Taapsee Pannu debuted in Bollywood with a comedy 6-years-ago, but since then she has pushed every boundary as an actor.
The word ‘status quo’ has never really existed in her dictionary and so we’ve always seen her essay formidable roles in movies like Pink, Baby and Naam Shabana.
Last year was a huge testament to her diversity as an actor as she played characters of various calibres such as a lawyer in Mulk, a hockey player in Soorma and a love-struck woman of today in Manmarziyaan.
This year, she has set the bar higher with two back-to-back successful thrillers: Badla and Game Over in which she takes centre stage as an antagonist and as a layered character, respectively.
In a detailed interview, Taapsee reflects on how her latest films have paved a new path in her career and she even discloses life beyond cinema.
Congratulations on the successes of Badla and Game Over. Has the reception lived up to your expectations?
Both Badla and Game Over were not conventional films so I was experimenting to an extent on both the films.
I was ready to take any kind of response. If it works then it will be a true test of my choices and validation.
When the results came out for Badla it was so overwhelming we actually thought we’d end up collecting only half of what the final collections were.
We never thought it would go to the extent that it did.
As for Game Over, I never thought that such a niche film, which is so tricky to understand, will be received well equally by audiences of the three languages.
It becomes difficult for a film to crossover unless it’s a big-budget one like Baahubali or a big-starrer.
All the love and beautiful message of ‘pushing the boundaries in Indian cinema’ has given me a lot of confidence in knowing that my audience is open for change and something new.
In addition to yourself, Kriti Sanon and Parineeti Chopra are also doing thrillers. What is your view on this trend and how can this contribute to the ‘feminism’ wave in Bollywood?
I think of ‘thriller’ as the best genre because such films are good at grabbing attention and keeping viewers at the edge of the seat.
Well-written thrillers can easily achieve that objective. However, if it becomes predictable, then the fun gets spoilt.
For India, it’s probably new because not many have been made with female protagonists headlining them.
When I started Badla, I did not really think about the whole ‘thrillers with female protagonists’ subject and do it because of that.
I just thought of it as a very engrossing story which could have a female perspective and that’s why I did it.
How does doing such layered/dark characters impact your psyche and mental health?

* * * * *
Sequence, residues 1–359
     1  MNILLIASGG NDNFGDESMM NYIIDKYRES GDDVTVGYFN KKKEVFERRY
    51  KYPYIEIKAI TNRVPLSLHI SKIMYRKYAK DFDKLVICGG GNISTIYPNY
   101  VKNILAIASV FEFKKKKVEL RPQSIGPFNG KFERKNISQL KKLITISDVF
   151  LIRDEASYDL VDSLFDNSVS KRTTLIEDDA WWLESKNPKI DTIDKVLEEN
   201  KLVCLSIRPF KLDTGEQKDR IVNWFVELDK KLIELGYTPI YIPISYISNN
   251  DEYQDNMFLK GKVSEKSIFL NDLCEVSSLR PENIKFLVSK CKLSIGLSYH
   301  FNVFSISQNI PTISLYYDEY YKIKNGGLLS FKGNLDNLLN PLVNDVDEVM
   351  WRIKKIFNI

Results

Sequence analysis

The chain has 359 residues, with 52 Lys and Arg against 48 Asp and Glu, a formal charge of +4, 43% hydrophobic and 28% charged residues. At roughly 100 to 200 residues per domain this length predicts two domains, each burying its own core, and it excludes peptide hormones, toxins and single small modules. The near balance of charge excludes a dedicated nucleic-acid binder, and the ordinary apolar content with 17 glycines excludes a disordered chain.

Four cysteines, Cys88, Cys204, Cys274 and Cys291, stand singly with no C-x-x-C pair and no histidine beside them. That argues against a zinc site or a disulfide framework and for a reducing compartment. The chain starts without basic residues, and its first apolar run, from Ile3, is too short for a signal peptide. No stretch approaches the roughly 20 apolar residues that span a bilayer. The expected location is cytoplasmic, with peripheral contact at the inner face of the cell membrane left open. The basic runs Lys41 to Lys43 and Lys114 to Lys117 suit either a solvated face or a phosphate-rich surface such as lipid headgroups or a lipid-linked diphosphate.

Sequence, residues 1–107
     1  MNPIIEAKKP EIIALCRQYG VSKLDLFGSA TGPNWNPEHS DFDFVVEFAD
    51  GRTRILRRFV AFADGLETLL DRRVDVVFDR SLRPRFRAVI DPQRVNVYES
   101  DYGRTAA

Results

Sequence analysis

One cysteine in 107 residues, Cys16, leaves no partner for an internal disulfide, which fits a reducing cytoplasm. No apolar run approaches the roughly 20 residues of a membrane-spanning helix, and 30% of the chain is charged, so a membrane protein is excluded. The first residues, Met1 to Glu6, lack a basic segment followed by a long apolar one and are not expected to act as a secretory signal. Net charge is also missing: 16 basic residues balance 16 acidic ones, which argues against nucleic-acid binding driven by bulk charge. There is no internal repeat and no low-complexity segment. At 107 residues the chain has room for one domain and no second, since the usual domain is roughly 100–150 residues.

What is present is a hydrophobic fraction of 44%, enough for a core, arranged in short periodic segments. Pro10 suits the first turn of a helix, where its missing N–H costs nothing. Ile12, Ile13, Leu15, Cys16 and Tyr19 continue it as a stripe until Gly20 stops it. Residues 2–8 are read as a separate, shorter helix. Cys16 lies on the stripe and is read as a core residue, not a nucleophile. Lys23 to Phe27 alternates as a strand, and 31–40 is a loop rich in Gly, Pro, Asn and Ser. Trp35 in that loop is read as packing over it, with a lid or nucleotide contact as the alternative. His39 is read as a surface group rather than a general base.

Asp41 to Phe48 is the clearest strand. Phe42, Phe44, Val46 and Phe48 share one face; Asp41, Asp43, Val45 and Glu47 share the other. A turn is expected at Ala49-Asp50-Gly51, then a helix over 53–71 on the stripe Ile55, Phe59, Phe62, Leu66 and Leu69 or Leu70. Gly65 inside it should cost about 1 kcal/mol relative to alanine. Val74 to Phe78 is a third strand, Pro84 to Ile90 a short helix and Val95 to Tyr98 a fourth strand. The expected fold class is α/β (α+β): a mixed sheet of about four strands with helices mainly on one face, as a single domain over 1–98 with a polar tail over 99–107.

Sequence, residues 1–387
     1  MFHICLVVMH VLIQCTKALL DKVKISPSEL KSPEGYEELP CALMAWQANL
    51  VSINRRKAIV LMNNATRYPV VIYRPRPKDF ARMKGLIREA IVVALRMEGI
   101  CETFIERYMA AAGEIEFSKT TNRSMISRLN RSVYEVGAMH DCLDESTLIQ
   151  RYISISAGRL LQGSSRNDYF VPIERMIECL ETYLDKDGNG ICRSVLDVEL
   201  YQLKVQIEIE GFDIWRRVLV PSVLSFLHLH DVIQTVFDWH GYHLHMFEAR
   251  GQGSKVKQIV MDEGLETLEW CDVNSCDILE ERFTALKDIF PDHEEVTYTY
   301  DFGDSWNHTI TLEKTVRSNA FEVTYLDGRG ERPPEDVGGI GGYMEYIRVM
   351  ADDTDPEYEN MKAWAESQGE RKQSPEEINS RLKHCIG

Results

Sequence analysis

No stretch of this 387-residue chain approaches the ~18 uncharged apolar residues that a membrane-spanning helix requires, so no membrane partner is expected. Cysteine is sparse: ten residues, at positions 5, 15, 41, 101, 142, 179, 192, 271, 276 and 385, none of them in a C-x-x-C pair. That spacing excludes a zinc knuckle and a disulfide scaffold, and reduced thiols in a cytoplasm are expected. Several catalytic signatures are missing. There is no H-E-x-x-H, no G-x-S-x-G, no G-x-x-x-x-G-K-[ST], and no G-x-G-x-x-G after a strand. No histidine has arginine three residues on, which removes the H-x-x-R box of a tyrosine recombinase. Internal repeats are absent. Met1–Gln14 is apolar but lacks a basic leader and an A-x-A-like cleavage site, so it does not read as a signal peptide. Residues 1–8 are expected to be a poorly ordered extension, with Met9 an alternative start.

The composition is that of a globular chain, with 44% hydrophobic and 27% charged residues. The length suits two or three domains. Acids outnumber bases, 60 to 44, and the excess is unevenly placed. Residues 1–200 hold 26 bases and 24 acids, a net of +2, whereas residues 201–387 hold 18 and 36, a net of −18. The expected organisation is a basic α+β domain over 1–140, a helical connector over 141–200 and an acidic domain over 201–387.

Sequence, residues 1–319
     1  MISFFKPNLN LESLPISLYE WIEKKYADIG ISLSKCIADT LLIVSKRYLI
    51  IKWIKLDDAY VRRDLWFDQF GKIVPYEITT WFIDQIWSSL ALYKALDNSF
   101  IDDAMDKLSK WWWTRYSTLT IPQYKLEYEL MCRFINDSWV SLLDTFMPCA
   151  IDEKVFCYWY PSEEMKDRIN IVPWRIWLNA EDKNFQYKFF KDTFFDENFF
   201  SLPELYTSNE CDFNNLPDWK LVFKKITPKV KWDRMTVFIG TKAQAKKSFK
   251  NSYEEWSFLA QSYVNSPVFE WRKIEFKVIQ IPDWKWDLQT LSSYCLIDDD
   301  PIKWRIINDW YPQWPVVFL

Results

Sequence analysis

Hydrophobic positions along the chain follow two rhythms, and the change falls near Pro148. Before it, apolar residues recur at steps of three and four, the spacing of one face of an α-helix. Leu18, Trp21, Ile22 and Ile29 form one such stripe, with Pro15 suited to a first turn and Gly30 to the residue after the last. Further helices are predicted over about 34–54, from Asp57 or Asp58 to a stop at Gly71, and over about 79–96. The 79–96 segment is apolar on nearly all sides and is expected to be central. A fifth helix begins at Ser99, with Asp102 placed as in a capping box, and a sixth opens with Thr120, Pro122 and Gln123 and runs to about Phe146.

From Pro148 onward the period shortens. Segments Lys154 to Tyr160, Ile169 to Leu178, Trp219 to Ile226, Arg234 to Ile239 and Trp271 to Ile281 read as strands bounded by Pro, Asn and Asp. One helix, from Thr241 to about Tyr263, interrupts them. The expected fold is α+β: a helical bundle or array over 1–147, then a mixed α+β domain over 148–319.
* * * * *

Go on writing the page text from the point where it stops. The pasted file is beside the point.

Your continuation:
It does take a toll.
In fact, I say in a funny way but actually, somewhere down the line, I am becoming a crazy woman with every film which is a price you pay when becoming an actor.
I can’t run away from it if I have to choose parts which are dark and layered. If it’s done well then the results are beautiful.
However, the repercussions come naturally with being an actor.
From doing Pink to Game Over, the roles take over my real personality for a while.
At times they overpower me but eventually when that impact is no longer at large, it does not abandon me. If 90% goes, 10% still remains.
That change the character has made on me is permanent. I won’t be able to put a finger on what exactly has changed, but I feel the difference with every film I’ve done where I play an intense character.
Female characters have frequently been portrayed as righteous, but your roles break that stereotype. Why do you feel this has been an on-going practice in Indian cinema?
I think it’s because nobody delves into the layers of a female character.
Now there’s a change that has come up in the last two years which is very welcomed and people look forward to it but for the longest time, nobody really bothered to write about the layers of female characters.
If you see in Indian culture, the responsibility of being ‘right’ usually rests on the shoulders of women.
A man can do wrong and then redeem himself within the time-span of a film, but there’s no way a woman can do wrong and escape it… People cannot buy that.
However, slowly it is changing. For example, I played Rumi in Manmarziyaan which is not really ‘righteous’ but was the protagonist of the film.
It was her story and when the film released, a lot of people were not okay with however the character was because she was the main lead and an unconventional girl.
In my very next movie Badla, I am the antagonist. I’m doing wrong, perhaps the same things (and much worse) than what Rumi did in Manmarziyaan, but in a different set-up.
So in Badla, I end up getting punished for doing wrong… Which people were okay with because of the fact that it was a negative character.
It’s problematic if a female protagonist is a grey character.
However, when it comes to men, they can go wrong in a film and have the liberty to redeem themselves which the audience will end up accepting and even celebrating.
I feel there are those double-standards which are prevalent in society.
But people have still loved and accepted you for it…
Even though I’ve played an antagonist, people are still loving and accepting me.
I can at least make peace with the fact that they’re not labelling me as someone who will only do villain characters now after pulling off Badla.
When I started off in films, people warned me not to take up any negative/grey roles, because that would be the end of my career.